Interview: Indie88 Finds its Identity on the FM Dial
On July 25, 2013 when Toronto-based radio station Indie88 went live upon the FM frequency and began playing Rick Astley’s “Never Gonna Give You Up” on loop, listeners could tell that the station meant business. Correct that – I’d venture to guess that listeners really didn’t know what the station meant.
Soon enough, the picture would gain some clarity when on July 31 the Astley chain was broken, and Indie88 officially
began its ‘soft launch’ with Arcade Fire’s “Ready to Start.” A symbolic choice, naturally, but not just because of the song title – let’s think of the band behind it.
Arcade Fire is one of those polarizing bands that have deep indie roots, but at the same time win big-time awards; sell a bunch of albums; and fill arenas. Some indie circles hold them in high regard for where they came from and what they do, while others would argue – based on whatever evidence makes sense to them – that the band is not indie. This is the same uphill battle being fought by Indie88.
On a weekly, daily, hourly, minutely, secondly basis, those at Indie88 are doing their best to cater to a market that, in the opinion of station Guidance Counsellor and renowned Canadian radio stalwart Alan Cross, has been “underserved in certain segments,” especially music with the indie spirit.
When Riffyou.com spoke with Cross, as well as Indie88 Program Director Adam Thompson, both agreed that classifying indie in a way that appeases everyone isn’t an easy feat.
“Indie is impossible to define,” agrees Thompson. “I don’t even pretend to do it as the Program Director. It’s a subjective term, and we deal in a subjective medium – music is entirely subjective and that’s what makes programming a radio station really challenging. Everyone’s definition of indie is uniquely personal. To indie purists, we will never be indie enough, and to some people we’re way too fringy.”
“People tend to shy away from completely unfamiliar music,” adds Cross, whose primary roles with Indie are that of consultant and voiceover performer. “They only have so much time in their day and so much processing power in their brain to deal with a continuous stream of unfamiliar music. What you need to do is balance it. You have to have some stuff that fits with the format, the attitude, and the spirit of the radio station…that makes it easier for the medicine to go down. The only way that we look at it, is that indie is a state of mind. It is a spirit of adventure and doing things differently.”
Thompson notes that Mumford & Sons is one of those bands that generates a lot of conversation from listeners. He’s heard from some that believe the band is the antithesis of what indie should be considered, while others think they’re the biggest indie band on the planet. In that debate, he feels that both parties are “entitled to their opinion, but, there’s nobody that’s righter.”
If you were to spend time with Indie88, you too would find yourself having internal debates regarding how certain songs fit in. Within any given hour, you could hear Broken Bells, The National, Tokyo Police Club, July Talk, and have those artists’ works followed by Johnny Cash and Depeche Mode.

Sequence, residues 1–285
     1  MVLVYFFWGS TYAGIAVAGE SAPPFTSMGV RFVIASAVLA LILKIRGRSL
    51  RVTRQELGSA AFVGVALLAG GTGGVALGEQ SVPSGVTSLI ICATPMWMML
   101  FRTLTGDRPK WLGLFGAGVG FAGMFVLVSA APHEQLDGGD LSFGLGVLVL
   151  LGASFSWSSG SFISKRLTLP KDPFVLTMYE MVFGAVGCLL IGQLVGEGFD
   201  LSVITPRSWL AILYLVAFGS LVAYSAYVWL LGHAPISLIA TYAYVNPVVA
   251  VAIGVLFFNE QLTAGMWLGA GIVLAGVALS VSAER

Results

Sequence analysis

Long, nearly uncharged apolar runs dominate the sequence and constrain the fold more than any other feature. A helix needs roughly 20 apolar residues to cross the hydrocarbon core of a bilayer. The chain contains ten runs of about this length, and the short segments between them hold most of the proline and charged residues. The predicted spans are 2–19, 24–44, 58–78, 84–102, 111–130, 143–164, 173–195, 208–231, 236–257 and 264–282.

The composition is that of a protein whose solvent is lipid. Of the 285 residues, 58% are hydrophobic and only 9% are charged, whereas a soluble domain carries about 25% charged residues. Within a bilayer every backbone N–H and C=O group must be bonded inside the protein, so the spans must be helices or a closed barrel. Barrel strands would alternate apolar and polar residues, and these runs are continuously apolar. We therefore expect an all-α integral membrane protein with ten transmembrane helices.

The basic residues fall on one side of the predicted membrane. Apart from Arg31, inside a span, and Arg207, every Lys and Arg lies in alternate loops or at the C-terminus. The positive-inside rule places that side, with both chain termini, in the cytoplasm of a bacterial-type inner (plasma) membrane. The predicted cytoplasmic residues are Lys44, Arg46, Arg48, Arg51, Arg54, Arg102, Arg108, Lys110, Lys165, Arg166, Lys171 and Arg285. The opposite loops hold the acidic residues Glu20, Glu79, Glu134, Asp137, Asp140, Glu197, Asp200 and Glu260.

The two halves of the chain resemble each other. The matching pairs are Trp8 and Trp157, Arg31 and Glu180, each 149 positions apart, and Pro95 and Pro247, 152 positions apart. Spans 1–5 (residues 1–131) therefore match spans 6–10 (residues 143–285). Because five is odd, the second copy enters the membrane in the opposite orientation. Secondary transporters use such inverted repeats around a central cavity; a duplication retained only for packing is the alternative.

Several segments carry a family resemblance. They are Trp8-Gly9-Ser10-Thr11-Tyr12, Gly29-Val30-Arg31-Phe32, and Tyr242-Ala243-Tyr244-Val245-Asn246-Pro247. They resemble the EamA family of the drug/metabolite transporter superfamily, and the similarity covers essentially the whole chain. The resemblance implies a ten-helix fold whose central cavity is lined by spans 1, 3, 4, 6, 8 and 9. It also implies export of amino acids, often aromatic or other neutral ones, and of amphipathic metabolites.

Thompson informs us that the Indie88 playlist is genuinely dictated by listeners. Online, fans can opt in to a regular music survey that allows them to express what they like, love, don’t like, and “never want to hear again.” What’s more, the station continually informs listeners that the lines of communication are always open.
“The direction of the station, from the beginning, meant to go in a direction that the audience most enjoyed,” says
Thompson. “I don’t think radio’s job is to be curators…that power’s gone. It’s more in the hands of people who see shows. Our job is to really pay attention to what’s happening on the street in terms of who people are going to see; who people are downloading; who people are buying merch for; and who blogs are talking about.
“Audiences break bands these days – it happens all of the time,” he continues. “With the culture of sharing, that’s how everything gets exposed. There’s no one person anymore that goes ‘hey, look at this brand new thing you haven’t heard before.’”
A real interesting angle to Indie88 is its staff. Cross, for a number of years, held various prominent roles at area competitor 102.1 The Edge. Music Director and afternoon host Raina Douris; evening host Dave “Bookie” Bookman; and on-air personality LoriAnn; also have history with that station. From an outsider’s point of view, it’s easy to fear Indie88 becoming a clone of sorts.
“I want our own thing…I want our own identity,” assures Thompson when quizzed on the subject. “Our real focus is introducing a bunch of new bands to Toronto who haven’t been played on the radio before, and really connecting with the local music scene. We also want to highlight the acts that are really cutting through and deserve some exposure.”
“Yes and no,” responds Cross when asked if Indie88 ever considered marketing themselves as the ‘anti-Edge.’ “We’d never say that aloud, but what we want to do – as any other business would do – and that’s to try to differentiate ourselves from everybody else in the market. Our differentiating point is what we are, not what we aren’t. What we are, is a station that’s music intensive…we try to be smart about how we approach music and broadcasting. Things like ‘dick jokes’ are completely forbidden. We don’t want to be crass and crude. It’s all about the music.
“You never want to define yourself for what you are not, he concludes. “You want to define yourself by what you can be to each individual person.”